An article appeared in the Times Higher Education online magazine recently (April 3, 2014) under the heading “More data can lead to poor student choices, Hefce [Higher Education Funding Council for England] learns”. The article was not about learning analytics, but about the data provided to prospective students with the aim of supporting their choice of Higher Education provider (HEp). The data is accessible via the Unistats web site, and includes various statistics on the cost of living, fees, student satisfaction, teaching hours, and employment prospects. In principle, this sounds like a good idea; I believe students are genuinely interested in these aspects, and the government and funding council see the provision of this information as a means of driving performance up and costs down. So, although this is not about learning analytics, there are several features in common: the stakeholders involved, the idea of choice informed by statistics, and the idea of shifting a cost-benefit balance for identified measures of interest.
Given these features in common with learning analytics, it is interesting to note the conclusions of the research that was conducted for Hefce and published on their website: “UK review of the provision of information about higher education: Advisory study and literature review“. The key findings of the report are summarised as:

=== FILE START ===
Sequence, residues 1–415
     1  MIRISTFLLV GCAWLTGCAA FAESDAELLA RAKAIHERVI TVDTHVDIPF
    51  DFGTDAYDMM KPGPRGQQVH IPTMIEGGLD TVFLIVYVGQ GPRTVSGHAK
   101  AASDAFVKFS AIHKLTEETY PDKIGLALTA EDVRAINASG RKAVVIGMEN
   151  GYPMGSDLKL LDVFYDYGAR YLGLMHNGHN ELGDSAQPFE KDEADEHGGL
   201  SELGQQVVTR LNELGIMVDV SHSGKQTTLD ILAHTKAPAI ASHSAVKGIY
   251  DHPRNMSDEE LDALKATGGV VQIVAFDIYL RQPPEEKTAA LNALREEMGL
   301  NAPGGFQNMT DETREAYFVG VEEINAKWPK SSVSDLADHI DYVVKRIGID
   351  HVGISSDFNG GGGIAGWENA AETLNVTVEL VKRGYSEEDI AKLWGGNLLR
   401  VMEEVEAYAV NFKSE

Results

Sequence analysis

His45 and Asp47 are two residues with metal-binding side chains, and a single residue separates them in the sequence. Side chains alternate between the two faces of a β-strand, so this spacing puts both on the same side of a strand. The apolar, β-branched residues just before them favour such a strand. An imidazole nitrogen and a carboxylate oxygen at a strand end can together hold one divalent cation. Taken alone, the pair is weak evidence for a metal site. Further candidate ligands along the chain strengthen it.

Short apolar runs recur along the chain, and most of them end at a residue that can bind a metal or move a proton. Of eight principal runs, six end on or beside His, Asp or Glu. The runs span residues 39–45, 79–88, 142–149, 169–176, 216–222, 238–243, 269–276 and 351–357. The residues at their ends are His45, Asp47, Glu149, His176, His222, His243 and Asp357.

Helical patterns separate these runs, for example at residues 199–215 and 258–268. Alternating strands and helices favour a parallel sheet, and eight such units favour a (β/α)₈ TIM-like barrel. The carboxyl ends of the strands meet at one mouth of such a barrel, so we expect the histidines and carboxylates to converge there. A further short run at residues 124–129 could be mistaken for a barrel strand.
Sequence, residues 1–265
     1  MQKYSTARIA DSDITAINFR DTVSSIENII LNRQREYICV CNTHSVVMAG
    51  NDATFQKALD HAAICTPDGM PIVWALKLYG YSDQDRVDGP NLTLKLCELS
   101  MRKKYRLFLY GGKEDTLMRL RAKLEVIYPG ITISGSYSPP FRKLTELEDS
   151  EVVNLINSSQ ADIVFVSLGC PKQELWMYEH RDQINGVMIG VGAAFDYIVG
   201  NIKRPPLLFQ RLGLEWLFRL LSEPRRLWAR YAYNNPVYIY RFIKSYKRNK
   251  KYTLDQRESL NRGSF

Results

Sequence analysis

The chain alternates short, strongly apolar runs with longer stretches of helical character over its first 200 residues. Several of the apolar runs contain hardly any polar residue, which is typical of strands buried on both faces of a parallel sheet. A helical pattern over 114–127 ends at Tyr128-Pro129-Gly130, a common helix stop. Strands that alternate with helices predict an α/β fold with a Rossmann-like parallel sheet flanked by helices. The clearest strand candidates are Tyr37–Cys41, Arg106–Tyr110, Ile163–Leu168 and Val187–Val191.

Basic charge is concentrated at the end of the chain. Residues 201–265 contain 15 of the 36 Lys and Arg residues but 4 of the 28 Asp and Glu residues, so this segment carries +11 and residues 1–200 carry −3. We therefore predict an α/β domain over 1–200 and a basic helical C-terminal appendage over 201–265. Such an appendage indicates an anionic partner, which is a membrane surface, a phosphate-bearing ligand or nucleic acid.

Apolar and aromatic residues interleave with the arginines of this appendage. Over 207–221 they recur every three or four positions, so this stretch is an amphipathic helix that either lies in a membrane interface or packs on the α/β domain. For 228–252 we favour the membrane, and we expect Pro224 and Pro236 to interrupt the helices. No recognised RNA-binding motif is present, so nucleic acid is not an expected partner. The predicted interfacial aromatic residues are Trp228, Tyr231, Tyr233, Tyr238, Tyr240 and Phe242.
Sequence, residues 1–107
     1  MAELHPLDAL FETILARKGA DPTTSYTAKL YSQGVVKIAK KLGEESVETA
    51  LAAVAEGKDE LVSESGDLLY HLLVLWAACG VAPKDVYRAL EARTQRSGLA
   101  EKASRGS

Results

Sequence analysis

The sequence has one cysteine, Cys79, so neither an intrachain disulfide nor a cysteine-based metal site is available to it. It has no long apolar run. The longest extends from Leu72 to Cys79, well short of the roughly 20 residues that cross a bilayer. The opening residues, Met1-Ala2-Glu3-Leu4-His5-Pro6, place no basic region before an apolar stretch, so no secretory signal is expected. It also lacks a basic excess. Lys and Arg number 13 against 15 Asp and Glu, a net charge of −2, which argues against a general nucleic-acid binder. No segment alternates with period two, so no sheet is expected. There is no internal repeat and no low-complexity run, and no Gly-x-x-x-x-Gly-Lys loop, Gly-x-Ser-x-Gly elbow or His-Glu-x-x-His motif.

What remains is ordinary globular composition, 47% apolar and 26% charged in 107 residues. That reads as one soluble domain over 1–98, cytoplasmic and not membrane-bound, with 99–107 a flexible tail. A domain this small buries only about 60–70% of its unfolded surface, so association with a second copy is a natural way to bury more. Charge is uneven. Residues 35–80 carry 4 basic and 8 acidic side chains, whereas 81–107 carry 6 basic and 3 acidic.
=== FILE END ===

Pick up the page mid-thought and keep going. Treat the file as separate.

The decision-making process is complex, personal and nuanced, involving different types of information, messengers and influences over a long time. This challenges the common assumption that people primarily make objective choices following a systematic analysis of all the information available to them at one time.
Greater amounts of information do not necessarily mean that people will be better informed or be able to make better decisions.
There is, I think, a lot of literature from different sources that supports these points. I am reminded of “regret theory”, which comes from the decision theory community (see “Decision Theory – a brief introduction” – pdf – by Sven Ove Hannson for an accessible account). This captures the idea that we put a higher cost on missed opportunities such that it may be perfectly rational, if we accept that it is rational to account for feelings, to opt for a course of action with less than optimal objective utility. For example, the decision to join a work-place lottery syndicate is rarely based on the expectation of reward but, so long as the outlay is small, is likely to be influenced by the thought of not sharing a winning ticket.
The question we should ask is: so what can be done to address these findings?
The Times Higher report quotes a Hefce representative as suggesting that different levels of detail might be one solution. The “advisory study and literature review” contains much that characterises the problem, but I think it falls into a trap of approaching the problem almost exclusively from an academic perspective. At this point, I would like to add that I vigorously approve of academic thinking; indeed, one of the threats to successful learning analytics is to see it as a fundamentally engineering response to management interests. We do need thoughtful approaches that embed diverse social and psychological theorisation. I do not dispute the problem description, and the account of behavioural factors, or the idea that different levels of description might help. The missing piece is, I think, that the principles given in section 7 do not provide the scaffolding for action.